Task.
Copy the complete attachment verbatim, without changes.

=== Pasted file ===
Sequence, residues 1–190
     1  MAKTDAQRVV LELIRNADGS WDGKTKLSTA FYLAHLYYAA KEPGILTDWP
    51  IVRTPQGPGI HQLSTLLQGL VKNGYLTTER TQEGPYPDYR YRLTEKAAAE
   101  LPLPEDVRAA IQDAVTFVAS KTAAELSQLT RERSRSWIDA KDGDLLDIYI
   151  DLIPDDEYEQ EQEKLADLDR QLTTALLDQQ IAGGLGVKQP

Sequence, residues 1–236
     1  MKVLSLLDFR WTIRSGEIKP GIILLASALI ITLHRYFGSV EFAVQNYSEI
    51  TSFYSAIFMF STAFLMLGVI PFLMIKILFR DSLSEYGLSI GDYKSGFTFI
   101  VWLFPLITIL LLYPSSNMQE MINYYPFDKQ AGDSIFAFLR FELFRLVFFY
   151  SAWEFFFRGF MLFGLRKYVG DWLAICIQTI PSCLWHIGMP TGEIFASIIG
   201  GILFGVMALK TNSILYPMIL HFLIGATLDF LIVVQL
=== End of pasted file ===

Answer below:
Sequence, residues 1–190
     1  MAKTDAQRVV LELIRNADGS WDGKTKLSTA FYLAHLYYAA KEPGILTDWP
    51  IVRTPQGPGI HQLSTLLQGL VKNGYLTTER TQEGPYPDYR YRLTEKAAAE
   101  LPLPEDVRAA IQDAVTFVAS KTAAELSQLT RERSRSWIDA KDGDLLDIYI
   151  DLIPDDEYEQ EQEKLADLDR QLTTALLDQQ IAGGLGVKQP

Sequence, residues 1–236
     1  MKVLSLLDFR WTIRSGEIKP GIILLASALI ITLHRYFGSV EFAVQNYSEI
    51  TSFYSAIFMF STAFLMLGVI PFLMIKILFR DSLSEYGLSI GDYKSGFTFI
   101  VWLFPLITIL LLYPSSNMQE MINYYPFDKQ AGDSIFAFLR FELFRLVFFY
   151  SAWEFFFRGF MLFGLRKYVG DWLAICIQTI PSCLWHIGMP TGEIFASIIG
   201  GILFGVMALK TNSILYPMIL HFLIGATLDF LIVVQL